For several years, the Kurds have been at the forefront of a revolution in Western Kurdistan (Rojava). Their alternative system to capitalism has resonated all over the globe. Their society is organized according to Democratic Confederalism, an ethical form of political organization that brings together ideas from libertarian municipalism, social ecology, and feminism.
In Latin America, one of the places where Rojava thought has taken root is Wallmapu, the ancestral territory of the Mapuche people, the largest indigenous group in Chile and Argentina. The Mapuche have struggled for centuries against repression, displacement, and dispossession of their territory and lands.
The Mapuche people, inspired by the Kurdish struggle – and especially the Kurdish women’s freedom movement – have been motivated to work with various Chilean groups to form, for example, the Comite de Solidaridad con Kurdistán, Región Chilena y Wallmapu (Committee of Solidarity with Kurdistan, Chilean and Wallmapu Region).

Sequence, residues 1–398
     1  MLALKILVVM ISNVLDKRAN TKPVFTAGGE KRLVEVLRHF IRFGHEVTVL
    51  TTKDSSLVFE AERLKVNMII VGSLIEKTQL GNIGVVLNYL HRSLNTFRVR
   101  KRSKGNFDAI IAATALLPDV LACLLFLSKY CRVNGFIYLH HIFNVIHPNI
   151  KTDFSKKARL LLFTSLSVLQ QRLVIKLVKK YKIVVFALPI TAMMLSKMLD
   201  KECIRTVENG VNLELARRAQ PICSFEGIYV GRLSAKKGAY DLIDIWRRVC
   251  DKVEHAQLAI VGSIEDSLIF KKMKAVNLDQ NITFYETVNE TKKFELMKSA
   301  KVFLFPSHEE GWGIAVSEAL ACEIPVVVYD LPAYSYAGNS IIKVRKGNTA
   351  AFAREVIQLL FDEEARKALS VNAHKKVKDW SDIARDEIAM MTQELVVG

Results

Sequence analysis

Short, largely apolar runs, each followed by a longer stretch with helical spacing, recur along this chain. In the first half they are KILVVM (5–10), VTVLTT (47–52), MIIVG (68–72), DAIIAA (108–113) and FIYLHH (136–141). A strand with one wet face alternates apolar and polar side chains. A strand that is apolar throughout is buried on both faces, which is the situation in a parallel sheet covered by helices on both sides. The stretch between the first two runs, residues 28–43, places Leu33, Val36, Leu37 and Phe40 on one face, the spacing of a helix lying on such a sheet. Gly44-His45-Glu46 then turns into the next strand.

This committee is a communicational platform that disseminates information about the Kurdish struggle and works to bring their model of organization to the Chilean and Mapuche territory. Meanwhile, in Argentina, a country which also denies the Mapuche people their right to self-determination, leftists and feminists have travelled to Kurdistan, and written books about their experiences with the alternative political system being built in the region.